Bumping fists rather than shaking hands could reduce the spread of infectious diseases, researchers have said. Academics at Aberystwyth University in west Wales came to the conclusion following a series of tests on hand hygiene. Using rubber gloves and a thick layer of the potentially deadly bacteria E. coli, scientists exchanged handshakes, high-fives and fist bumps before working out which greeting gesture was the cleanest. According to the study, high doses of bugs were passed on during a handshake.
People rarely think about the health implications of shaking hands. But if the general public could be encouraged to fist bump, there is a genuine potential to reduce the spread of infectious diseases.
Dr Dave Whitworth, senior lecturer at Aberystwyth University who carried out the study
The passing on of bugs was reduced by more than half during a high-five and 90 per cent when bumping fists. Dr Dave Whitworth, senior lecturer at Aberystwyth University, said the hygienic nature of the fist bump was in part due to its speed as well as there being a smaller contact area. Whitworth added the study, published in the August edition of the American Journal of Infection Control, was inspired by increased measures at promoting cleanliness in the workplace through the use of hand sanitisers and keyboard disinfectants.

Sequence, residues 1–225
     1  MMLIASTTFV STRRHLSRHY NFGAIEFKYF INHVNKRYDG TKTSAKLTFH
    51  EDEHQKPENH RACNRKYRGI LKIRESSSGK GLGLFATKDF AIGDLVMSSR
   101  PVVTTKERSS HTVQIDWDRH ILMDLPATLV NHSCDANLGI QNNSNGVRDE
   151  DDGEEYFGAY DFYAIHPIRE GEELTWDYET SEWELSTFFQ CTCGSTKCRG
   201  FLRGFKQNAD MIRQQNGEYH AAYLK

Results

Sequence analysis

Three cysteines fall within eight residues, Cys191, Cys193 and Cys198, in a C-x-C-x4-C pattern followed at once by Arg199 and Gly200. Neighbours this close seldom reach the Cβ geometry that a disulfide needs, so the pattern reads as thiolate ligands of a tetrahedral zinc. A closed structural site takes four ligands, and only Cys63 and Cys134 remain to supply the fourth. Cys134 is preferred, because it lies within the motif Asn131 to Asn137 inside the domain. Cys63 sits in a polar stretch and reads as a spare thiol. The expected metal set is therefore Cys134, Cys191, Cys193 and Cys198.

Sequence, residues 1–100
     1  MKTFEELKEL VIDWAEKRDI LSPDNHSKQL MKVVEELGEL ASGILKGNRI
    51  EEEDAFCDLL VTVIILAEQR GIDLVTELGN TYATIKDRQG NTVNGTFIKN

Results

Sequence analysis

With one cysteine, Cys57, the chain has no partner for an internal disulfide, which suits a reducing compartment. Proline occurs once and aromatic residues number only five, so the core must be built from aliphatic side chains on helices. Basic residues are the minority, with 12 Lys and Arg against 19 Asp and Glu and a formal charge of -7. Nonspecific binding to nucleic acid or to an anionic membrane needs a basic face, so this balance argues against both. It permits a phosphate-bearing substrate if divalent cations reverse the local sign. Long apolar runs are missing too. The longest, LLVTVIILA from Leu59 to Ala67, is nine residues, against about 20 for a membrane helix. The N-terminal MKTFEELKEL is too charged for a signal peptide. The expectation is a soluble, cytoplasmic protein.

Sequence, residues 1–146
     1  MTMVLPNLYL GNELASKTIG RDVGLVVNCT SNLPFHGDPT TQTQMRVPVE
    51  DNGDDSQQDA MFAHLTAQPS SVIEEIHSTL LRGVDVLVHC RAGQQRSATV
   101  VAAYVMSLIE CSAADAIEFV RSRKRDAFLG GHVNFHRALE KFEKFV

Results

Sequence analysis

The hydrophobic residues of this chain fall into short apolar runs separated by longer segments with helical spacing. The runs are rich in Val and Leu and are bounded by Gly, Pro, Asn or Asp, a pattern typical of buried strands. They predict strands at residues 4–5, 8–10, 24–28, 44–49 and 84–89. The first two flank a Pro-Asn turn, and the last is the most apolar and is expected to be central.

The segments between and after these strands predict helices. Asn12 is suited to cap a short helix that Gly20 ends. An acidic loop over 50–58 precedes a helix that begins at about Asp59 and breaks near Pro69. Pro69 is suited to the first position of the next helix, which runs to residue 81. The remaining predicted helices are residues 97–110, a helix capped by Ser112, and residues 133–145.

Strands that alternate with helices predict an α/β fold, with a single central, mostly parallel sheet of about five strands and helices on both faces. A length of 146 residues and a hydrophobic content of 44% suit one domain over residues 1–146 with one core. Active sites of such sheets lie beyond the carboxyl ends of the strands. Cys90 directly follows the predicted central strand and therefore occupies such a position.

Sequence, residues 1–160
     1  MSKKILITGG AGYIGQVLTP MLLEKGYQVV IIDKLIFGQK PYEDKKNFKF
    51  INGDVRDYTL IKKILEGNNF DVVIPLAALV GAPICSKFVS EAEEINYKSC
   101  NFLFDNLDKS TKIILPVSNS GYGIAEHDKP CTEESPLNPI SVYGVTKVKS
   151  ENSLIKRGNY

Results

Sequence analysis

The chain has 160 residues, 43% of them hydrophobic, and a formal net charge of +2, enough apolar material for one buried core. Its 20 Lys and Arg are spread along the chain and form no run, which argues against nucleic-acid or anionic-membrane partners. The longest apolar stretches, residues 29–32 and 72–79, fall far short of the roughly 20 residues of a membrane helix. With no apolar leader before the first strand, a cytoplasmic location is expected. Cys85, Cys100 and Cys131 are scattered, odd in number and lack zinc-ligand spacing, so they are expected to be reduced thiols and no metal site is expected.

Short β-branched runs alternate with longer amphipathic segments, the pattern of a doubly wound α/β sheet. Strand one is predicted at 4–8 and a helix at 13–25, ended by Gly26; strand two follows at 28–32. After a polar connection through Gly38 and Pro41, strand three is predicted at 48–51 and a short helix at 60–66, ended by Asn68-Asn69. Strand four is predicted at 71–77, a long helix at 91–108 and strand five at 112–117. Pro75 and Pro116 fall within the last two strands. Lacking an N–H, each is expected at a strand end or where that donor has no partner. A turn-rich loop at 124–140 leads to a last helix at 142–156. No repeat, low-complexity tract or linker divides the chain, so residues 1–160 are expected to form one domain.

If there’s a flu pandemic then handshaking might be something you want to think about or in a hospital with the spread of superbugs.
Dr Dave Whitworth